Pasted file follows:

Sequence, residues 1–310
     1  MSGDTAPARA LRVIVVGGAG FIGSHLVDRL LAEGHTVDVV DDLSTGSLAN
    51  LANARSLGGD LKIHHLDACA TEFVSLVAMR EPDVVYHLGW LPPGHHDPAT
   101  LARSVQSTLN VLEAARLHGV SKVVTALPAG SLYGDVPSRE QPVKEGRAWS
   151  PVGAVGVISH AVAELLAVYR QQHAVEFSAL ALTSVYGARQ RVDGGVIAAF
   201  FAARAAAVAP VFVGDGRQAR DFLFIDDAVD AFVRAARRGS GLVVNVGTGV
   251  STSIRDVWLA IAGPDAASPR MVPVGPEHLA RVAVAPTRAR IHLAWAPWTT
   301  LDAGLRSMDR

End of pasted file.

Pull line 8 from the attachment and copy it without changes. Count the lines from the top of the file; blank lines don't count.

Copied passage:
   301  LDAGLRSMDR